Hi and welcome to my Blog, my name is Paul Riddle and I live in south Leicestershire, UK. Back in August 2007 my quest began to locate as many local Little Owl territories as possible. The driving force was a reported decline in the uk numbers so I thought I would do my bit and conduct a study in my area. After 7 years and countless hours out in the field I have detected over 200 different sites. With a thirst for a greater understanding of the owls a more comprehensive monitoring and nest box programme then commenced. This also now includes monitoring the local and very sparse population of Barn Owls, please pop back occasionally and catch up with the life and times of my owls and any other wildlife that I come across. I hope you enjoy your visit!!!

Friday, 11 July 2014

An hour with an owl......

I am currently very fortunate that a number of my monitored Little Owl sites now have fledged juveniles. At the majority of these sites I have to be satisfied with distant views, but still good to see. However, one particular site (No 42) not far from the village of Kirkby Mallory has offered some very close views indeed!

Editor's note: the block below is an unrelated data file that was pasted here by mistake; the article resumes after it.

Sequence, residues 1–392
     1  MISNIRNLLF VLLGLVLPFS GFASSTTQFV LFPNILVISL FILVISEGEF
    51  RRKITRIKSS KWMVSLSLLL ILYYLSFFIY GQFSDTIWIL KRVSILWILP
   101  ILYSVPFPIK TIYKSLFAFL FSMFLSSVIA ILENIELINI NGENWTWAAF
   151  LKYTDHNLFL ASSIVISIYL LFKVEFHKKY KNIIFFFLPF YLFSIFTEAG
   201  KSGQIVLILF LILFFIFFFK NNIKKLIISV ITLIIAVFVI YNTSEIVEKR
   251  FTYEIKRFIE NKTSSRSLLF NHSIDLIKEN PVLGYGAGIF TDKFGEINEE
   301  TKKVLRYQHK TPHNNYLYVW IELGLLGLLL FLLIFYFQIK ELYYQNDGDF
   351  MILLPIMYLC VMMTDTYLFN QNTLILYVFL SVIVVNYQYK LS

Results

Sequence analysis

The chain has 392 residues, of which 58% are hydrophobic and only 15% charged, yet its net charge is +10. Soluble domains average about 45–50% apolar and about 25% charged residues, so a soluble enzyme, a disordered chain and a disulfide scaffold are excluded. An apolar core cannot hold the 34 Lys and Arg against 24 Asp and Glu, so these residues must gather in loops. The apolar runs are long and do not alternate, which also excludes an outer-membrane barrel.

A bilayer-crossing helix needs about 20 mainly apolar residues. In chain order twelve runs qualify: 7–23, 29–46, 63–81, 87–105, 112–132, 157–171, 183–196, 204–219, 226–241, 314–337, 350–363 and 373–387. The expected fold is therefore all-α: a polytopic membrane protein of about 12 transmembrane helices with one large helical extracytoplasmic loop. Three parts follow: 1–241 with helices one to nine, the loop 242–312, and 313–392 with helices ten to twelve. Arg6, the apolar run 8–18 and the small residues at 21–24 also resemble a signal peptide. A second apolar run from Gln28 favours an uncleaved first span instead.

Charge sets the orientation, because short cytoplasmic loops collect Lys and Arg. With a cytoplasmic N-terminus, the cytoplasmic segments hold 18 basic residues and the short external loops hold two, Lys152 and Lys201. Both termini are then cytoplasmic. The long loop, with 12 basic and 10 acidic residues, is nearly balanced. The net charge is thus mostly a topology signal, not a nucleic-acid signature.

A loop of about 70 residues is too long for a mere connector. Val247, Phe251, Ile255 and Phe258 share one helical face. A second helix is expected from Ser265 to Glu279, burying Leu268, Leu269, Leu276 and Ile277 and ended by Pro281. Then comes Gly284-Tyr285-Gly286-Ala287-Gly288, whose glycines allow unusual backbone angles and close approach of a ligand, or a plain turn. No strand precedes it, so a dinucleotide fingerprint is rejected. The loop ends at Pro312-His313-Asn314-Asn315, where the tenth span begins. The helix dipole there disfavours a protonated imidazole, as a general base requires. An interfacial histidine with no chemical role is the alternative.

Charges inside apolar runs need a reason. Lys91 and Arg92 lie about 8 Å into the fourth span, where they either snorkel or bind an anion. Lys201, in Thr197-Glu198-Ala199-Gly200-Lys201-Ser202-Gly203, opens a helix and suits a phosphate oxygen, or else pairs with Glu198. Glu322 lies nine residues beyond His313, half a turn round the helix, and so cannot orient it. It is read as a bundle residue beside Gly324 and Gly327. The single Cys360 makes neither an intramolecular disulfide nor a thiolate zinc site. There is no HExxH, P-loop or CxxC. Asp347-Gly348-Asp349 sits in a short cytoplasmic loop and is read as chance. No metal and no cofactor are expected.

The parent owls here have successfully bred in one of my boxes for the last four consecutive years, but due to where the nest tree is located (in the middle of a field) getting near for juvenile images has proved to be almost impossible. This year the fledged juveniles (I have seen 2 so far) have taken up temporary residence in a Rabbit burrow! This burrow is situated under a Gorse bush alongside the track leading up to the farm, they obviously feel safe here whilst they wait for the parents to come in and feed them.  Although owls have an inbred fear of humans in their DNA the same can't be said for a whacking great car parked up no further than 20 feet from them! 

This first image below was taken from out of the car window at a focal length of 120mm, hopefully it gives a feel for the general location and the owls bolt hole?


Normally on my blog I attempt to keeps thing varied by not reproducing similar looking images, it is difficult to keep offering something different but I do find loads of similar images repetitive and boring, however in this instance I am going to make an acceptance to my own rule.